This is the last of a three-post series about what cultural studies are, why we teach them, and how to go about it. Here’s the how. How do we go about connecting students with beautiful art? How do we make an introduction that encourages friendship?
I can think of a few elements of a first experience that will make it more likely for students to be able to receive beautiful art, music, and literature. These elements are probably what make us truly love whatever it is we love, whether that’s high school football or baking or monitoring the stock market:
- The real thing, in the best version available. The Iliad is far more compelling than a summary of The Iliad or anything that’s been written about The Iliad, assuming that you’re reading a sensitive, artful translation, or, better yet, if you can read the original Greek. Beethoven’s 9th is more full of pathos and drama than Beethoven’s biography, assuming you’ve chosen a spirited recording and you are playing it on good speakers or, better yet, you’re hearing a skilled orchestra play it live.
- Modeling by people students admire (that’s us!). A great deal of education is enculturation, and affections are catching like the flu. No matter what we say, students watch what we do, and they’re not fooled. They know what we’re passionate about. If we truly believe in the soul-enlarging, God-reflecting power of art, music, and literature, we will seek them out and love them ourselves, not abstractly but as individual works. In introducing students to our “friends” we will not be able to contain our affection and it will be contagious. This can be as simple as presenting each composer study as a treat instead of a chore – “I’m excited about what we get to listen to today. It’s glorious, and it’s rare to get to listen without distraction.”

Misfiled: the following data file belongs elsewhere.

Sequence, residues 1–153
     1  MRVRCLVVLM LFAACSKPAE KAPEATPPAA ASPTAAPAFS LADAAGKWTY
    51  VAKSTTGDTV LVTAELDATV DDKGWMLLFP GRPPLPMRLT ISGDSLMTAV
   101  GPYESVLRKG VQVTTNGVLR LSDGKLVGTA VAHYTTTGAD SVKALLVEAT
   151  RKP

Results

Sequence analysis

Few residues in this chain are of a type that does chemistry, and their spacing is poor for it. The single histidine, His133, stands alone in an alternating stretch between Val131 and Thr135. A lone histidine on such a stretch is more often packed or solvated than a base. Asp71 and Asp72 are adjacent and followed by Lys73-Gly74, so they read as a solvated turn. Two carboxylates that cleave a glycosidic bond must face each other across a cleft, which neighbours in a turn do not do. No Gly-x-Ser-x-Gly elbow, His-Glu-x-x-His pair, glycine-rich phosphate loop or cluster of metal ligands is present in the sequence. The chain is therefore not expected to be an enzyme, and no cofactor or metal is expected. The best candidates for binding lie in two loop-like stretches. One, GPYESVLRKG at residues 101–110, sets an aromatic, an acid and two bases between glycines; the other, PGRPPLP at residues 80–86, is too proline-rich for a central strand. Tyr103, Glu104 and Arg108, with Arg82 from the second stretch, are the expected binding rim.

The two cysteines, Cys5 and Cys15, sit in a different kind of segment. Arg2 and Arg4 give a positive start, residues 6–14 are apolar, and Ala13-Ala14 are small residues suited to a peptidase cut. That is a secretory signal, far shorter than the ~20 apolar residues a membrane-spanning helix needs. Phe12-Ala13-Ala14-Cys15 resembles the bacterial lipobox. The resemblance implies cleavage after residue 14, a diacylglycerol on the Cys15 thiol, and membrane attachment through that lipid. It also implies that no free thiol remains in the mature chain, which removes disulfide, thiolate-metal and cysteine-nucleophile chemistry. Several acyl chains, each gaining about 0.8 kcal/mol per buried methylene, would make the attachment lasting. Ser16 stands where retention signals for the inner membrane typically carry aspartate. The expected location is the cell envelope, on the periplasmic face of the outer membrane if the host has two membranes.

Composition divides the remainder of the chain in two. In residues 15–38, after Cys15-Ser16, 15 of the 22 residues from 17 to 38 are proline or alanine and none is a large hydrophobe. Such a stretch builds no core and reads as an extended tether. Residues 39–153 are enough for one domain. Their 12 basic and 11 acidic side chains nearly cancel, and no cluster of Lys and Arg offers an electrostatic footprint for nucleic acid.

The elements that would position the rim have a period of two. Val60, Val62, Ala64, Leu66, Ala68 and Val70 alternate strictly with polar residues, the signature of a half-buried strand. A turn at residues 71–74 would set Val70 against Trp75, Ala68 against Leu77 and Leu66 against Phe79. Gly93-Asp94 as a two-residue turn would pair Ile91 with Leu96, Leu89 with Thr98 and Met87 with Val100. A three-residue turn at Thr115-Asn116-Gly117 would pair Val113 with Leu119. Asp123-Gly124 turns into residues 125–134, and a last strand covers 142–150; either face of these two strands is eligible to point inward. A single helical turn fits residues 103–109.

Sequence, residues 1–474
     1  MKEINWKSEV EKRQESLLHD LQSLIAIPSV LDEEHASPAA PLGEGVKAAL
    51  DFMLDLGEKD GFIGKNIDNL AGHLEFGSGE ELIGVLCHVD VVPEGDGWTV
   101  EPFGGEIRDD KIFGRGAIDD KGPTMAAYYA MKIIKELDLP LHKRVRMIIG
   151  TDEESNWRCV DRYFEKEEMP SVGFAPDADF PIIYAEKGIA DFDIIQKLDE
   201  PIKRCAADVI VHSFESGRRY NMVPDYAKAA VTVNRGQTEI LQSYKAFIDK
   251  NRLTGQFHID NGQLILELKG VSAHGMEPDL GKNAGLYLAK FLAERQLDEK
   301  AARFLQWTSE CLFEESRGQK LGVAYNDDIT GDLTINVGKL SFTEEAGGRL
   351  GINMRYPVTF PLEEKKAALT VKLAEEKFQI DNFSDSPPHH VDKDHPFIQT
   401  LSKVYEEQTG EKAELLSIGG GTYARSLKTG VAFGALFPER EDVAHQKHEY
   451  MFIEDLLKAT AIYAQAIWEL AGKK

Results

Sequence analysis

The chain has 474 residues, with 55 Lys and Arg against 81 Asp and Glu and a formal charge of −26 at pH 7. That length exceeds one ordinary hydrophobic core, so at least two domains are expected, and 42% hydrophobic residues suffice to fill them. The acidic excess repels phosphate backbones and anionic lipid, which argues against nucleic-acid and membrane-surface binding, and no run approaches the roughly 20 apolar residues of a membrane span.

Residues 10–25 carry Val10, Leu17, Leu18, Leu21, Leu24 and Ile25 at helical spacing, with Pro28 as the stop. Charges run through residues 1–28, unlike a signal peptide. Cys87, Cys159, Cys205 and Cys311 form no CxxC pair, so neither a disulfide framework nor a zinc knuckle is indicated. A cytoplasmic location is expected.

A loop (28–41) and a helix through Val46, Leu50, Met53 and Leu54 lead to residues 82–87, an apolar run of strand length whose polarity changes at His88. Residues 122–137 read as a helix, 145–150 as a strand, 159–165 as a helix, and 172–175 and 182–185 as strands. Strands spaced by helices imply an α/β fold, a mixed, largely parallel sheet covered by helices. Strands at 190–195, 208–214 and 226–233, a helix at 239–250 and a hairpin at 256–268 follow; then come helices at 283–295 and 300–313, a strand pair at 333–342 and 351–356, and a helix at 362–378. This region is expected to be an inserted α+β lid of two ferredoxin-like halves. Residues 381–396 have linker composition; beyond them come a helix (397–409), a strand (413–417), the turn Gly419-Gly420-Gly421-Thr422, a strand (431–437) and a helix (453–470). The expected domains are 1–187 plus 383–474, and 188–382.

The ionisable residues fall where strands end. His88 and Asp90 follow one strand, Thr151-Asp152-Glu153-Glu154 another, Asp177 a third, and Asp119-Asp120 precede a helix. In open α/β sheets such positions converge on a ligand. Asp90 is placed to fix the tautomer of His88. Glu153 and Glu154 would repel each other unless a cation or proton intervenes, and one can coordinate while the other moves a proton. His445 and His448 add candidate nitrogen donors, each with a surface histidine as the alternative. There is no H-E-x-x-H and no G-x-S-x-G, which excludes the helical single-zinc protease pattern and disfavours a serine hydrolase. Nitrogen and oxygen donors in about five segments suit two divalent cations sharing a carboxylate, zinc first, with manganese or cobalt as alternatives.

- Time and consistency. Relationship happens on a concrete and experiential, not an abstract, level. Development of a personal relationship with artworks, appreciating them for oneself, must happen work by work, piece by piece, poem by poem. This takes time, “a little bit often.” Students unused to contemplating art (especially serious music) may only be able to engage in the process in short bursts, which means that we should fill our scheduling nooks and crannies with them. Consider having two 15 minute picture studies a week, for instance, instead of one 30 minute block. But however you chunk it, keep that art coming!
- Familiarity. We all know that we can develop affection for something simply because we recognize it (listen to the Top 20 station often enough and you’ll soon find yourself singing along happily to songs that once annoyed you). Children are particularly susceptible to this. So if the first exposure to a piece or a painting daunts your students, don’t worry and don’t force it. Consider hanging the painting up for a while on the board. Play the piece frequently during quiet works times, mentioning its title and composer. Often students will develop appreciation for initially challenging pieces over repeated exposure.
CC image courtesy of melintelinas on Deviantart.com.